I thought about naming this post ‘InventTrans for Dummies’, but we have to consider the source. We all know that the beating heart of the AX in- and outbound process is the inventtrans table. In essence this table is a ledger of any and all inventory movements and as such it is the ultimate source for answers to inevitable questions about changes to inventory cost, inventory value and inventory levels.
The table itself is no great mystery, but considering how crucial it is for the working of your organization and AX in general, it is a shame and a petty that there is no decent documentation for it to be found.
The InventTrans has undergone some significant changes from AX 2012 up. I won’t go into that, but be aware that the following does not apply to older versions of AX.
The InventTrans is in essence a ledger. It keeps track of all movements to, from and within your warehouse(s). Incoming lines (e.g. purchase order lines) have a positive quantity. Outgoing lines (e.g. sales order lines) have a negative quantity. Movements within a warehouse or between your warehouses will have two entries, one negative and one positive. Exactly like how you would make a ledger correction.
Incoming lines have a receipt status (field StatusReceipt), while outgoing lines have an issue status (Field StatusIssue). Personally I see this as a design flaw (why not have one field called status?), but I trust it is done for good reason.
There are six possible receipt statuses. The below table gives a brief clarification of their meanings. In proper order:
|Ordered||Purchase order line is created|
|Arrived||Only applies when pallet transport is used. Items have arrived but are not yet physically available (i.e. waiting to be transported in the warehouse).|
|Registered||Complicated status. Items are available onhand, but not yet received in the physical ledger. It’s receipt foreplay.|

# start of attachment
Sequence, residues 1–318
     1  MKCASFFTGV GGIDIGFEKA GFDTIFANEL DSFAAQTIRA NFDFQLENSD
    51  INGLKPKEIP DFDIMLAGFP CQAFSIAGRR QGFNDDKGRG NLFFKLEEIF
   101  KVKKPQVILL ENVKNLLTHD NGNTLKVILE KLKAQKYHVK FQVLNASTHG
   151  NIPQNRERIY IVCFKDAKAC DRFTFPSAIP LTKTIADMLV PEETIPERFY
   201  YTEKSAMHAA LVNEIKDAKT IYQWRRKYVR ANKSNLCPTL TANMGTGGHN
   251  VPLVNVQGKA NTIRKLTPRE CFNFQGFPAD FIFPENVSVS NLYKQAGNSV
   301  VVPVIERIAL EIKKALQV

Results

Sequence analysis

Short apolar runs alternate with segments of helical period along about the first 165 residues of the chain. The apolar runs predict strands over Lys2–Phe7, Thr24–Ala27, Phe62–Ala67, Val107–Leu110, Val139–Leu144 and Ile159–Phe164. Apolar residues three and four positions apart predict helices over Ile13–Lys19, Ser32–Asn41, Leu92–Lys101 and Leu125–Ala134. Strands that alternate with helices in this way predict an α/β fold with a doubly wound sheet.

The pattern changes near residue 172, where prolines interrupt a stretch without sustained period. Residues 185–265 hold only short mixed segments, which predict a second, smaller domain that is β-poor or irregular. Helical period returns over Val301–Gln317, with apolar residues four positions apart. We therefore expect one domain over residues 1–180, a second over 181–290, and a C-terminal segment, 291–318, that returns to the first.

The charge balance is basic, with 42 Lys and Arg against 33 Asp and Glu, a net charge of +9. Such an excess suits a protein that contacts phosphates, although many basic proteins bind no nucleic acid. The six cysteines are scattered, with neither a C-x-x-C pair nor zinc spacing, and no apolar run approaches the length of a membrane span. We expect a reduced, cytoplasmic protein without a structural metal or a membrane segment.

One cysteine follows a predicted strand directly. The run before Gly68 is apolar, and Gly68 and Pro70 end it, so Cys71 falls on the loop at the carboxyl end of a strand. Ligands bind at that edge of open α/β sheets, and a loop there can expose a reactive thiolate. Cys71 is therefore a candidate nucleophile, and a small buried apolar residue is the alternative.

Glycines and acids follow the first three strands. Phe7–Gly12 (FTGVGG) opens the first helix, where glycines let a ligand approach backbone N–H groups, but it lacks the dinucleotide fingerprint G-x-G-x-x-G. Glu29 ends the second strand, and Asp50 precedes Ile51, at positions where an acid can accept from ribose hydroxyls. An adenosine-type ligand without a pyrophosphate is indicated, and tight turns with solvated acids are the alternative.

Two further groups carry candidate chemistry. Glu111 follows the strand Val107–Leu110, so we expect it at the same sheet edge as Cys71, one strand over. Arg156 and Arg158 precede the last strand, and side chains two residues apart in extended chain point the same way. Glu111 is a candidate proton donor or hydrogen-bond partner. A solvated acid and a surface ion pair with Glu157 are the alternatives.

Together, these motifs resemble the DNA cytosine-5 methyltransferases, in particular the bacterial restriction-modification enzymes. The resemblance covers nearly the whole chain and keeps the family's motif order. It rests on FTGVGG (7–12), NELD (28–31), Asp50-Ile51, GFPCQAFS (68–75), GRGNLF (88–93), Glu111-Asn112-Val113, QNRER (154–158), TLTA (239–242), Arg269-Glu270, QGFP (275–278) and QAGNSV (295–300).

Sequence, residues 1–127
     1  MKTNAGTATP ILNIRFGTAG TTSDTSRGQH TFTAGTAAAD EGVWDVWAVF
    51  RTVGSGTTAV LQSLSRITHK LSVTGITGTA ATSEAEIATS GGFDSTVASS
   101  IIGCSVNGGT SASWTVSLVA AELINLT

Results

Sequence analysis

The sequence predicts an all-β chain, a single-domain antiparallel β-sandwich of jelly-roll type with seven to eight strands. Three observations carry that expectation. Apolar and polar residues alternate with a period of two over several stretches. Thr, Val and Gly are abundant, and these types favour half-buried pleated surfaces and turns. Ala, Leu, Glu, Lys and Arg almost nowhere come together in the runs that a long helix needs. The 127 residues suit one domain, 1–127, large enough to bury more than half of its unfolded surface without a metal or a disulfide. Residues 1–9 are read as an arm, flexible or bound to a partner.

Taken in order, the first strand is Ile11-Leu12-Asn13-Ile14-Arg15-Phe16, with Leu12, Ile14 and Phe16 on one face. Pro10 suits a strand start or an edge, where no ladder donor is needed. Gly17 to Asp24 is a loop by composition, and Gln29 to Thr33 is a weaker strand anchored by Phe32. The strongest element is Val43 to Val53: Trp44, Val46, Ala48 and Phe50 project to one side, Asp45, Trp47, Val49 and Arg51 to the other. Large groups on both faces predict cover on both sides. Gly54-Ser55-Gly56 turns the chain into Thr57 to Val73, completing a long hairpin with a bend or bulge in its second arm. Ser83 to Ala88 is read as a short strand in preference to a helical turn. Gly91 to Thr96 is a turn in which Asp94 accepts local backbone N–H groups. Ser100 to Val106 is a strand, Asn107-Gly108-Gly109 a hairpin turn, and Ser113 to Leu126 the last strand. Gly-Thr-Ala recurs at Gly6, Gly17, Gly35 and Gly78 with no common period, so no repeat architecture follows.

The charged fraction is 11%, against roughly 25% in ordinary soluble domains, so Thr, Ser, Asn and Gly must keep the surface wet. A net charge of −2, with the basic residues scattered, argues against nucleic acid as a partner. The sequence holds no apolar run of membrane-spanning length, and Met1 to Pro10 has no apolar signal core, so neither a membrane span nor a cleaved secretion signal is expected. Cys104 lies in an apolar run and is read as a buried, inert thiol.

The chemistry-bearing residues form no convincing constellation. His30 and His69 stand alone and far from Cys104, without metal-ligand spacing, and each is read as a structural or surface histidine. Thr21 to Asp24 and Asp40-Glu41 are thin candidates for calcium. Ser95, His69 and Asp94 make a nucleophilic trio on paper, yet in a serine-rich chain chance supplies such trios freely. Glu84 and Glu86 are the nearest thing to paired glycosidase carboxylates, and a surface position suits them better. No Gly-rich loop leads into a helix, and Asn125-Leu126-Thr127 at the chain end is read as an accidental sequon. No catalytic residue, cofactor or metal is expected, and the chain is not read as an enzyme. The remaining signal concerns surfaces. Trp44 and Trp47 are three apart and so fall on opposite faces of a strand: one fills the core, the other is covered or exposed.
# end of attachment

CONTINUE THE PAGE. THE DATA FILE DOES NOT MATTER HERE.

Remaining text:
|Received||Product receipt posted|
|Quotation receipt||Supposedly this is used for negative quotation lines. Frankly, I don’t know why anyone would use a negative quotation. Anyway, it is not allowed to use a negative quantity on the quotation line in standard AX.|
Be aware that a negative sales order (or return order) is effectively a purchase order as well. Creating a negative sales line will therefore also register an ‘Ordered’ receipt status, etcetera.
|On order||Sales order line created.|
|Reserved ordered||Reservation of ordered inventory (expected to be received)|
|Reserved physical||Reservation of physical (onhand) inventory.|
|Picked||Picking line registered.|
|Deducted||Packing slip posted.|
|Quotation issue||Quotation line created (i.e. expected sales).|
Notice that the statuses on the incoming and the outgoing side are not mirrored 1:1. Arrived does not have an outgoing equivalent, just like there is no incoming equivalent for reservations (although I have seen negative reservations in AX2012…but that’s a different subject all together).
Modifying inventTrans data
Let’s start by laying down some ground rules for messing with data in the InventTrans:
- Don’t! But if you do, never-ever-ever-ever-EVER delete a line in InventTrans (unless you are absolutely sure what you are doing)
- Don’t! But when you do, always recalculate InventSum after you make changes to inventTrans
- Don’t! So before you do, try to recreate the data from normal AX functionality. For example, cancel the deliver remainder on a sales order, then change it back to the original value. This will ‘reset’ your inventtrans for that line.
Having said all that, there are times when the only path to salvation leads through the inventTrans. Mind you though, more often than not an imbalance in the inventTrans ledger is an indication of a problem somewhere else in the event chain, and most likely caused by modifications. InventTrans discrepancies in standard AX exist, but are extremely rare in my experience. I suspect they are caused by system outages rather than software flaws.
Primarily the inventTrans (often easily accessible from the menu: Inventory>Transactions) is a great source for troubleshooting. It is however not always self-evident how to interpret the information. The inventTrans contains different processes, all mixed together and sometimes hard to distinguish. It helps to simply go through each process and see what the effect is on the inventTrans.
In this article I will take you in detail through the purchase order process from an inventTrans perspective. Other processes that affect the inventTrans are:
- Sales order
- Sales quotation
- Return order
- Transport order
- Pallet transport
- Movement journal
Be aware that no two processes are exactly identical, but that the same basic principle applies to all of these.
To be continued…